Civilizational Collapse: Dystopian Imaginings of the Past,
Present, and Future (1880 – Present)
Lindsay Allen – Finding Identity in Ruins: Post-War Children’s literature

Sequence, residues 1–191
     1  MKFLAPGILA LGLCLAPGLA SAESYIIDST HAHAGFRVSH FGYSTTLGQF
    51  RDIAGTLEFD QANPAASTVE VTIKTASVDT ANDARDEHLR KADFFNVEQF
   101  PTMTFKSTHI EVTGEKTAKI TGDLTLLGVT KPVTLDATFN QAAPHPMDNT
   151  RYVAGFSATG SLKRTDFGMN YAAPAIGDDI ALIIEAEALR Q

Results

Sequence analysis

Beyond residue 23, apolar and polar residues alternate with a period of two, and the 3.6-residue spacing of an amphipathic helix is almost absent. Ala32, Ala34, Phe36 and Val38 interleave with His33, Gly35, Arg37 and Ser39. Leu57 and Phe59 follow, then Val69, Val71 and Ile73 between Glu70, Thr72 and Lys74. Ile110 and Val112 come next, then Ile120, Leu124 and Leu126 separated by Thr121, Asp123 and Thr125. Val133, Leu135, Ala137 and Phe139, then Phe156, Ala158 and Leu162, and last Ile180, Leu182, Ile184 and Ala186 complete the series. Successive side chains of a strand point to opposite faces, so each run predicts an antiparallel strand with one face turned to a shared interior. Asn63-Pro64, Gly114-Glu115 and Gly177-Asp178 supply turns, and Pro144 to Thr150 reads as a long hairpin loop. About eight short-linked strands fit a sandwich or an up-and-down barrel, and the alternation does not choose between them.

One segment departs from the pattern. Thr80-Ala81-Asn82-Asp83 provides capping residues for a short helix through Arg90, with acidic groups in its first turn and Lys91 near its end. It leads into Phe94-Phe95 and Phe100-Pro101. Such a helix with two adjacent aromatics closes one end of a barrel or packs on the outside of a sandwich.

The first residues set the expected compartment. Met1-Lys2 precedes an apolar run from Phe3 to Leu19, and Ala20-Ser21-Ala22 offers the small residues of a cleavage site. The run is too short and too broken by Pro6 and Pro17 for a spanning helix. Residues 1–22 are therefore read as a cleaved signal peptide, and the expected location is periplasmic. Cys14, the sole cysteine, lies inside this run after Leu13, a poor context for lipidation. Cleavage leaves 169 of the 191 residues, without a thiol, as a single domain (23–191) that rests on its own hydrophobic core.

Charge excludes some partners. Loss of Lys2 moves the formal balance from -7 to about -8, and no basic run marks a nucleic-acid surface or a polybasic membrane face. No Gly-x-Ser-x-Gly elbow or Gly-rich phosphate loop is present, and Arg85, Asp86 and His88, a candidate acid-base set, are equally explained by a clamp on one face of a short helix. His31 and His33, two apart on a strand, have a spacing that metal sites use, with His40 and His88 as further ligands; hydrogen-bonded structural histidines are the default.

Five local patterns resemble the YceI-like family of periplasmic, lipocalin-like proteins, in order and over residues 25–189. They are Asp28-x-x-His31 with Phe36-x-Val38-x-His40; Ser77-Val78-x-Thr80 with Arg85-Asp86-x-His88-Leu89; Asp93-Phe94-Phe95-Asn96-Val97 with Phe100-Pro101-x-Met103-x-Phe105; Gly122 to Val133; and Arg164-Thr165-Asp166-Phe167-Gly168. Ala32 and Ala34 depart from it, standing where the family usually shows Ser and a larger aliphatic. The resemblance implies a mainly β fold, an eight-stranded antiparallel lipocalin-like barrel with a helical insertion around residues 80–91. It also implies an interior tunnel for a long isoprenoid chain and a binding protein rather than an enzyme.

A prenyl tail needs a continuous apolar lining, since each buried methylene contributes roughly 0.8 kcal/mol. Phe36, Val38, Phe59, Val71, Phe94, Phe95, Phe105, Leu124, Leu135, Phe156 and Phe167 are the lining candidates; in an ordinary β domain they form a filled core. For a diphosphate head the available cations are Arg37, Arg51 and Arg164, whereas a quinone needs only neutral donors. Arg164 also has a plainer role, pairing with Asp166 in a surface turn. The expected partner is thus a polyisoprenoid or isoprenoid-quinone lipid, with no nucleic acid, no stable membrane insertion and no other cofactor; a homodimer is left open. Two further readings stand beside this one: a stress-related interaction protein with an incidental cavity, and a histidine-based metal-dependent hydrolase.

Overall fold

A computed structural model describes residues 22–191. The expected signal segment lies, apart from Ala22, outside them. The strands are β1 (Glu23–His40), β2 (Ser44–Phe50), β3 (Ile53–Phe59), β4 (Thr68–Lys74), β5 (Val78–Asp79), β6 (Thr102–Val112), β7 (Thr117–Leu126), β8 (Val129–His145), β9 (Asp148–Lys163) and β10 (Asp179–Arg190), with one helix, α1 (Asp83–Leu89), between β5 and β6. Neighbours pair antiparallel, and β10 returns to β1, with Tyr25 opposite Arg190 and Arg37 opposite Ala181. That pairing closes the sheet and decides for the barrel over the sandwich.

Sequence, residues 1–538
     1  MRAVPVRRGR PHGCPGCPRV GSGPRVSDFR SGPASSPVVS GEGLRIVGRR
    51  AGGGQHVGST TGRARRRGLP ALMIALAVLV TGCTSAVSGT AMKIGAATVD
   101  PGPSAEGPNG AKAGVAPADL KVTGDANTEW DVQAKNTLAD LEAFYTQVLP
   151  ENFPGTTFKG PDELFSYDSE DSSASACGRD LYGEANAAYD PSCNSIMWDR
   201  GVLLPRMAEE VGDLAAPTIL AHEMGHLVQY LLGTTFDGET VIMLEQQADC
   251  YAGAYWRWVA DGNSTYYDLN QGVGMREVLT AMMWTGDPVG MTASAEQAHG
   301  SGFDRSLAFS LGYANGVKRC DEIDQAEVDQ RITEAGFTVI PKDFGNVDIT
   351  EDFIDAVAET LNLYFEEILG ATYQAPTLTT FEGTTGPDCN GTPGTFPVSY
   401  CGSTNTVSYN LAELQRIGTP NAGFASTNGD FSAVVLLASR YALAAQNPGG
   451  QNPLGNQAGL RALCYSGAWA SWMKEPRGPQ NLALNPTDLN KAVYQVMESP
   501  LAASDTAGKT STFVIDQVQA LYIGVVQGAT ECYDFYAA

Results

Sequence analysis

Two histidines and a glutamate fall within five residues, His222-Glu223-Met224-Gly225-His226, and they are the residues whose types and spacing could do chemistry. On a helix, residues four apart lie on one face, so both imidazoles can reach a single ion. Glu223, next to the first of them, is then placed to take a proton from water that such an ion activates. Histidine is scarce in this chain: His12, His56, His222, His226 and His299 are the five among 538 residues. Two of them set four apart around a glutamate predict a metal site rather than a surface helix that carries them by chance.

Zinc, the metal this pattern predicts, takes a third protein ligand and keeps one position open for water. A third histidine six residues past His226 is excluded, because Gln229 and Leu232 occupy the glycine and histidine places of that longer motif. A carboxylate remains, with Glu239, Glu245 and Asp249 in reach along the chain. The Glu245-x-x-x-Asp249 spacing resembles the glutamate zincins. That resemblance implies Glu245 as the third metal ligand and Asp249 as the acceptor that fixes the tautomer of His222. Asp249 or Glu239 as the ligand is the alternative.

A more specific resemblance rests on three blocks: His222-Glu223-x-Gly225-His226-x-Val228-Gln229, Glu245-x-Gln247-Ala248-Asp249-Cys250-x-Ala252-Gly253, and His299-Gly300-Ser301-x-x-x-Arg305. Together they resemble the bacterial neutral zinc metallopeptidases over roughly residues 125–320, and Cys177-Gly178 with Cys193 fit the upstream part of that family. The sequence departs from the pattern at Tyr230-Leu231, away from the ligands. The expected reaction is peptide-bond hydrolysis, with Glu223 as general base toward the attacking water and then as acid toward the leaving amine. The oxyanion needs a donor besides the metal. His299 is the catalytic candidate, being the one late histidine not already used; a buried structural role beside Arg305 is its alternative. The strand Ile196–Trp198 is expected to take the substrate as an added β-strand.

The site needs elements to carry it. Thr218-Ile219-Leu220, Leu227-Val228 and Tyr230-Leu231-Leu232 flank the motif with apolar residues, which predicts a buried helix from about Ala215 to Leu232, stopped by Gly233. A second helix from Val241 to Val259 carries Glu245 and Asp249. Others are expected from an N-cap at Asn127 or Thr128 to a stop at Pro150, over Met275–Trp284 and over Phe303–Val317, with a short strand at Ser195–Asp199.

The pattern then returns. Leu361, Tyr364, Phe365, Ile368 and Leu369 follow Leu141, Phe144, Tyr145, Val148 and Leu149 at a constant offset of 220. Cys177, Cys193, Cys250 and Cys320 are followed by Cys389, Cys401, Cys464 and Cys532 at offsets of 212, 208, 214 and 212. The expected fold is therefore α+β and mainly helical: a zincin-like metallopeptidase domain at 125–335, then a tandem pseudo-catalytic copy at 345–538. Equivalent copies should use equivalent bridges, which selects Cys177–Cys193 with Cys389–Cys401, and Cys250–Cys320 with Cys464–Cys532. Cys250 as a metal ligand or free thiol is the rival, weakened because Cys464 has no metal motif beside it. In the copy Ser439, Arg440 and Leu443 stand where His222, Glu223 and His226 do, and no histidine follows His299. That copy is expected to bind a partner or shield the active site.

In the immediate post-war period, the ruin provided a scene in which the past was lost (and discovered) and in which identities could be found (once lost). In Nesbitt’s writings, the ruins of old London created a template of a shared history which stretched back to Rome and united an almost lost and disparate world in a recognition of a shared remote past (and one that had in itself fallen). Whereas London was destroyed, and the places and buildings were losing that identity, it was also exposing an archaeology of identity. But if that archaeology could not be read, children could find identity anew in playing among the ruins. This rediscovery of identity was clearly feature of the Narnia series, in which a return to and escape from the ruin was a common feature. In these moments, history was almost remembered and recovered, and identity revived. This was an identity which was remote from parental influences and sometimes alone, and thus apart from a civilization that functioned. The Child-Adult-Hero never quite grew up to accept the confines of time.